The difference between studying texts and studying subjects is huge. When you read Dante’s Inferno or Aristotle’s Ethics, you are studying a text. If you are examined, you will be examined on the text and its interpretations. When you are reading Learning Python by Mark Lutz , you are studying Python. If you are examined, you will be examined on your knowledge of Python and your ability to write Python programs, not on your knowledge of Lutz’s text.
Classical Western education was largely the study of texts. To be educated, in the Western tradition, was to know the great works, to have studied and learned the required texts. The validity of such an education is a topic for a different debate in a different venue, but while this curriculum is seldom taught anymore, its focus on texts still affects the way we think about individual texts and the importance we attach to them.
Regardless of the virtues or deficits of a classical education, a knowledge of text and their relationships is not what most people who use the Web or technical communication are interested in. They have no interest in the texts for their own sake, and therefore no interest in how the texts are connected. They are interested in subjects, and in how subjects are connected.
Wikipedia is a particularly interesting specimen to examine when exploring the difference between citations and subject affinity links. Wikipedia is meant to contain no original opinion or research. Every statement is meant to be backed up with a citation to some other work. At the same time, Wikipedia articles are rich in links to articles on related subjects. These subject affinity links are not citations. (Wikipedia cannot cite Wikipedia as a source.) They are intended to help the reader to get more information on any subject mentioned in the text they are reading.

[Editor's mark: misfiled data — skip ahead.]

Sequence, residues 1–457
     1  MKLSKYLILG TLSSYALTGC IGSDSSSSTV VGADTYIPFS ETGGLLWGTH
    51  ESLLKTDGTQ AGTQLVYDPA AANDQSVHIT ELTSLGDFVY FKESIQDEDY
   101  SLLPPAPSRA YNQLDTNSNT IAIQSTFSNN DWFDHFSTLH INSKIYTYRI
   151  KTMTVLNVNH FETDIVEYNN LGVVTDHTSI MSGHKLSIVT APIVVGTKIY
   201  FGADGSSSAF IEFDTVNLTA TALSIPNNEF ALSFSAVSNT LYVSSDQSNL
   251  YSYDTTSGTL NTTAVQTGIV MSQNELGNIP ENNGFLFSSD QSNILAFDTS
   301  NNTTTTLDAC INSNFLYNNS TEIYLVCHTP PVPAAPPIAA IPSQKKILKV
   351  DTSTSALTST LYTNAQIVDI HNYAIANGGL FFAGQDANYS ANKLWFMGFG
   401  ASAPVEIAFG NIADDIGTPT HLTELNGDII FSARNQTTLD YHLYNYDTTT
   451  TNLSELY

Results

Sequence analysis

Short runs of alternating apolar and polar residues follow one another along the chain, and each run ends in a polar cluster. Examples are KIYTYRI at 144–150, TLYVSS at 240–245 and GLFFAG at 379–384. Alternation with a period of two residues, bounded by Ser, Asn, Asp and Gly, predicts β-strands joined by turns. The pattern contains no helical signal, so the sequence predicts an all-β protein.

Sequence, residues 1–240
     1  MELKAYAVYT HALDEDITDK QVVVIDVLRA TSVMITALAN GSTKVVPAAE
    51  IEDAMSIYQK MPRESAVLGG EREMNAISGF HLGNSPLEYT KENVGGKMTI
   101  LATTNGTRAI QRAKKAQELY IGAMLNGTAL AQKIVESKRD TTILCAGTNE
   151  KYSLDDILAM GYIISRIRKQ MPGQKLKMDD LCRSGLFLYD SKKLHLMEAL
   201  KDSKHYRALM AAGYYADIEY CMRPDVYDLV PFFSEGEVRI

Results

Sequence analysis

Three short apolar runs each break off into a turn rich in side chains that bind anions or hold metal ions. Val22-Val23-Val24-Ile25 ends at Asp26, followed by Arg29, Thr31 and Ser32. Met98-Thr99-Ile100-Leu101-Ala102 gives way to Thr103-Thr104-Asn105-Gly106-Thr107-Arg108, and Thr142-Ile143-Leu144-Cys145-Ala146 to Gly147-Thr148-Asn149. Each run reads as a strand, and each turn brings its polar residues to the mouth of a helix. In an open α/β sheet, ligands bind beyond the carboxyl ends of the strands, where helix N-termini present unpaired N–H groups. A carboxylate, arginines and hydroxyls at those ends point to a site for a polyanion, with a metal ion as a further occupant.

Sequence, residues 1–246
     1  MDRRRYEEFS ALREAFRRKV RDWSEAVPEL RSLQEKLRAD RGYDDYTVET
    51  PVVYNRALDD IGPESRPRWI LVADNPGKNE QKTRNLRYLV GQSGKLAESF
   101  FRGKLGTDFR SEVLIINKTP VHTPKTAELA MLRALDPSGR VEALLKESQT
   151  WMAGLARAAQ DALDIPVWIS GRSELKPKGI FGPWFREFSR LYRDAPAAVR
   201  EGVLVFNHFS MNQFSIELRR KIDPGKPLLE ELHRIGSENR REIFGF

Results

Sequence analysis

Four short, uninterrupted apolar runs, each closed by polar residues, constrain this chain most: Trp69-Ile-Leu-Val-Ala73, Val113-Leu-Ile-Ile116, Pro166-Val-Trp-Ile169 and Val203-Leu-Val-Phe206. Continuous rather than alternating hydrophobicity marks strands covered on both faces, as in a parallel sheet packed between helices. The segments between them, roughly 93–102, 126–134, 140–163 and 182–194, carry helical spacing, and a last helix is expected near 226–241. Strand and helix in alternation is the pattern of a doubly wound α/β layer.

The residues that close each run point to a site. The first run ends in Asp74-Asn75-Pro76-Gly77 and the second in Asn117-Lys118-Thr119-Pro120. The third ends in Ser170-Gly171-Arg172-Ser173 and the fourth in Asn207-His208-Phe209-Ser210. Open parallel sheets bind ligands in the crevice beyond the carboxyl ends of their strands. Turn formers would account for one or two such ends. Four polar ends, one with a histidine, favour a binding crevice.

Wikipedia, therefore, is rich in both subject affinity links and in citations, but it keeps the two strictly separate. Subject affinities are expressed through links on words and phrases in the text. Citations are expressed through footnotes. This subordination of citations is important. Wikipedia is structured (from the bottom up) around the relationships between subjects. Citations (the relationships between texts) are important, but they are not structural. They are treated as secondary and moved out of the way.
Most readers are not interested in exploring a universe of related texts such as Xanadu provides. We know this from the repeated failures of many such projects. Where all these visualization techniques have failed, Wikipedia has conquered all. There is no map or plan to Wikipedia. There doesn’t need to be. There are only flat pages with basic structures, some headlines, some pictures, and lots and lots of links along lines of subject affinity. This lets people pursue subjects. And subjects, not texts, are what matter to readers.
For technical communication, and indeed for content strategy and information architecture in general, this is an important lesson. The reader is not interested in the relationships between your texts. They are not interested in how your manual is laid out or how your help system or website is organized. They are interested in the problem they are trying to solve, the subject they are trying to learn. They don’t want to have to learn the relationships between your texts in order to pursue these interests. They want to follow the relationships between subjects. Help them to do so. Link your content richly along lines of subject affinity.